The Reserve Bank is under pressure to deliver an interest rate cut 11 days out from the federal election after new figures revealed inflation effectively dead across the country in a sign the national economy is weakening.
In what may be the most politically charged Reserve Bank board meeting since 2007, financial markets put the chance of the RBA taking official interest rates to a new record low of 1.25 per cent on May 7 at better than 60 per cent.
It followed the Australian Bureau of Statistics reporting a zero increase in consumer prices through the first three months of the year.
The lower than expected result, which saw the Australian dollar fall half a cent and pushed the ASX200 to its highest level in 12 years on expectations of an impending interest rate cut, took annual inflation down to 1.3 per cent.
Of more importance to the Reserve Bank, underlying inflation measures - which exclude one-off factors - fell to their lowest levels on record and well short of the RBA's 2-3 per cent target band.
The ABS reported vegetable prices lifted by 7.7 per cent in the quarter as weather conditions drove up the prices of tomatoes, cucumbers, asparagus and broccoli but this was offset by big falls in petrol prices and domestic travel.
In a sign of the softness in the property market, rents nationally rose by 0.4 per cent over the past year, the lowest annual result since mid-1993.
Overall inflation actually fell through the quarter in Sydney, Perth and Darwin with annual inflation above two per cent in just one city, Hobart, suggesting the downward pressure on prices is a national issue.
Separate figures from the Jobs and Small Business Department showed online employment vacancies falling in March by 1.5 per cent, the third successive monthly drop in this leading indicator of the health of the jobs market.
Opposition Leader Bill Shorten said the result showed the economy was in trouble.
"If there's no inflation in this quarter, that tells you this is an economy running on empty," he said.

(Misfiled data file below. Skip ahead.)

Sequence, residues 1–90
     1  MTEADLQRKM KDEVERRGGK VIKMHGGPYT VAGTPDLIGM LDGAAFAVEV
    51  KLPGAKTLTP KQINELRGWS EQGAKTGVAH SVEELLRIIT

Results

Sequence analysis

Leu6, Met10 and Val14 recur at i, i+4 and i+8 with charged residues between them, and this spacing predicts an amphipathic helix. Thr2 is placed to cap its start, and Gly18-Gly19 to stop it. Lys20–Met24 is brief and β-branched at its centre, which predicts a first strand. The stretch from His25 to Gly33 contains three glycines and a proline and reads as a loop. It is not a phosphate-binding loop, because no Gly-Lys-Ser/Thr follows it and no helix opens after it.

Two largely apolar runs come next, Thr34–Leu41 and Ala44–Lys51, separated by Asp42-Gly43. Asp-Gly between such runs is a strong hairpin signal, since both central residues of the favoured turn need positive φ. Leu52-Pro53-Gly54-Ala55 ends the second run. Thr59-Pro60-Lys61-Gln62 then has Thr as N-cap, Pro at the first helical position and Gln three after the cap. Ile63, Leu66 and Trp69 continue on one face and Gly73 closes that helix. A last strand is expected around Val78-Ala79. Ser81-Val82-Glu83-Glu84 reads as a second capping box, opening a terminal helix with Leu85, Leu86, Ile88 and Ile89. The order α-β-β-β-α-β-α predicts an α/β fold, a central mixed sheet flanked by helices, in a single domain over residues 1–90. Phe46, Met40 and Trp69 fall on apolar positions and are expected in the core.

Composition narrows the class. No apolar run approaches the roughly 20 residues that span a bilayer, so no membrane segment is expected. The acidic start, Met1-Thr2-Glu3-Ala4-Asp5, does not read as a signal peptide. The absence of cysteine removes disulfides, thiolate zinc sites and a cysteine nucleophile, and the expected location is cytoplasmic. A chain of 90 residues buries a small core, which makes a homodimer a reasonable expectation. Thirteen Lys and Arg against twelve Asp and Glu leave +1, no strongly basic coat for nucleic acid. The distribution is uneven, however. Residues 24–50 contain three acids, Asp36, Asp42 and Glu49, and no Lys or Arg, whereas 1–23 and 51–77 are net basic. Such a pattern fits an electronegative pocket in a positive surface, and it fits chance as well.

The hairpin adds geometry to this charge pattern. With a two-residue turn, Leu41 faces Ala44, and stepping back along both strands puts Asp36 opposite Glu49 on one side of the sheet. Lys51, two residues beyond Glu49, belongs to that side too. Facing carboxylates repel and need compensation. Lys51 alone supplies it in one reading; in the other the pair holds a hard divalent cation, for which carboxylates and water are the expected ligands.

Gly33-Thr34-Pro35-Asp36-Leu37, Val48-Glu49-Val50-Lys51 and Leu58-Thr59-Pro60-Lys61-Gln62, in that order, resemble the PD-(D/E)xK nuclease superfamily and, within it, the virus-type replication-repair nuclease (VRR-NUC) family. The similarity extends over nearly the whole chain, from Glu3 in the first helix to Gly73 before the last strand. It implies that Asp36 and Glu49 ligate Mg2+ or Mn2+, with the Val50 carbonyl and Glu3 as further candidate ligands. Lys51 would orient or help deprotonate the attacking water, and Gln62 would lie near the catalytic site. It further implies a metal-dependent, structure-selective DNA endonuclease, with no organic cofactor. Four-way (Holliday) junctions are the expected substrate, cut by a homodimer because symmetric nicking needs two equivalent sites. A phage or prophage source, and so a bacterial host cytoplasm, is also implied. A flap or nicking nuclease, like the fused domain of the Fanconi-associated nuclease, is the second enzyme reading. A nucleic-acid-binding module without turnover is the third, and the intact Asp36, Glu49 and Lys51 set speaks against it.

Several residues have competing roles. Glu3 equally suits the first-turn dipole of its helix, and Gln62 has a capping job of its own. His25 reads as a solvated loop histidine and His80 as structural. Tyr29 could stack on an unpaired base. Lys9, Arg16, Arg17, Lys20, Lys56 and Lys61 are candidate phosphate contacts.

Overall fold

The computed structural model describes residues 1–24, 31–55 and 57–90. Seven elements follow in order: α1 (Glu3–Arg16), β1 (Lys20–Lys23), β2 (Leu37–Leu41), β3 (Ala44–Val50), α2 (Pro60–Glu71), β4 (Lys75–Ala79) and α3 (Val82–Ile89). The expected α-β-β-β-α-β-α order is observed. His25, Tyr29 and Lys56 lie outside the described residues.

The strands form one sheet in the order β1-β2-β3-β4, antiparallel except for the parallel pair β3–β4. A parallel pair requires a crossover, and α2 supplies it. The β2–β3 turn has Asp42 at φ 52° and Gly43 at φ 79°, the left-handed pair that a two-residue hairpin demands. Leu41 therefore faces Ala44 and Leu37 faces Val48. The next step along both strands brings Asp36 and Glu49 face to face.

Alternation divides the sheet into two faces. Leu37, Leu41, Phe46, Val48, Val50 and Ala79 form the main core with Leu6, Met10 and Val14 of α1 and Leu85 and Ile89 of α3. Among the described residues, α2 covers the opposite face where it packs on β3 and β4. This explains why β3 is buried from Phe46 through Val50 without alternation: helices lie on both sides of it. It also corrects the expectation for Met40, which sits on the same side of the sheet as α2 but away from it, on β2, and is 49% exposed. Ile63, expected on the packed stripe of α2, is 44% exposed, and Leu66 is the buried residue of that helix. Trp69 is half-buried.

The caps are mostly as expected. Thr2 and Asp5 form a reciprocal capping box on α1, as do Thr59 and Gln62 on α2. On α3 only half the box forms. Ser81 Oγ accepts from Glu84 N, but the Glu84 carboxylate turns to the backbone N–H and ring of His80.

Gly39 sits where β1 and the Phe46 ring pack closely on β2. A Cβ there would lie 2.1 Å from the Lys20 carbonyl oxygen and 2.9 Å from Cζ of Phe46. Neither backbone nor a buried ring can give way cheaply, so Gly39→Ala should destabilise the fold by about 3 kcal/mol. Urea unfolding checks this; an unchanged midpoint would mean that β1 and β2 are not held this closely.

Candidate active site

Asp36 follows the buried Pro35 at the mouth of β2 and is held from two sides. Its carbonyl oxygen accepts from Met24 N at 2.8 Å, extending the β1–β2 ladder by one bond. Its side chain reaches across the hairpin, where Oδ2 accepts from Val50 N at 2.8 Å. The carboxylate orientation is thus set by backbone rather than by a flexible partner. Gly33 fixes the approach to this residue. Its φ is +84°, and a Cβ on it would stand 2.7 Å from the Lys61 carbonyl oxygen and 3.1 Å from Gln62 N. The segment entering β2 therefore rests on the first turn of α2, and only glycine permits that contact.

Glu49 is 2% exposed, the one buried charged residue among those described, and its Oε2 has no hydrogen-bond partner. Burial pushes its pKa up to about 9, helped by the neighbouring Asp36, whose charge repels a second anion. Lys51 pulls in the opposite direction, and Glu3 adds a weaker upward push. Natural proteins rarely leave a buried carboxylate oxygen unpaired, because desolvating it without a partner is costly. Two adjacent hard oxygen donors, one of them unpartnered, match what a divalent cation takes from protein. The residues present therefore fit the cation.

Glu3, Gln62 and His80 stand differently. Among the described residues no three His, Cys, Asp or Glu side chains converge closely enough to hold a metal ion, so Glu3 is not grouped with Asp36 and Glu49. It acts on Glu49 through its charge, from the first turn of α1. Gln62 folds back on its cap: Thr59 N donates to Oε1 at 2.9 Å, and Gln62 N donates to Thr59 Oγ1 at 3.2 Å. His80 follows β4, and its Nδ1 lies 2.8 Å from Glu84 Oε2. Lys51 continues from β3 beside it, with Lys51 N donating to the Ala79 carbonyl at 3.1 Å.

"It shows you that people have stopped spending money and do you know why they have stopped spending money? Because wages aren't moving."
But Prime Minister Scott Morrison, who noted the figures showed electricity prices went down over the past 12 months, said the Reserve Bank would also look at the strong jobs market when making a determination about the economy.
"They'll also keep looking at what we're seeing in terms of employment growth and in the
most recent employment figures were also very strong, particularly for full-time jobs growth," he said.
"So, you know, the economy is a mixture of these figures, that's the one quarter on inflation and that has been at zero, 1.3 per cent through the year. I think that's what will all be weighed up."
While the Reserve Bank sliced interest rates early during the 2013 election, a cut this year would undermine the Coalition's claims that it is overseeing a "strong economy".
During the 2007 election the RBA, then under the leadership of Glenn Stevens, came under fire from within the Coalition after interest rates were lifted a fortnight out from polling day. The move cruelled the government's claims that it would keep interest rates low.
ANZ senior economists David Plank and Hayden Dimes said the Reserve Bank effectively had no choice but to cut rates at its May 7 meeting if it was to get inflation back to its target band while boosting overall economic growth.
"We have doubts that modest rate cuts will do much to push inflation sustainably higher, but it's hard to see that the RBA has much choice but to use the tool at its disposal [which is] a lower cash rate," they said.
"We don't see the timing of the election being a constraint on the RBA acting."
AMP Capital chief economist Shane Oliver said with GDP likely to remain low through the rest of the year, weak demand would also keep downward pressure on prices and wages.
"The weakness in Australian inflation confirms the spare capacity remains significant in the economy," he said.
- SMH/The Age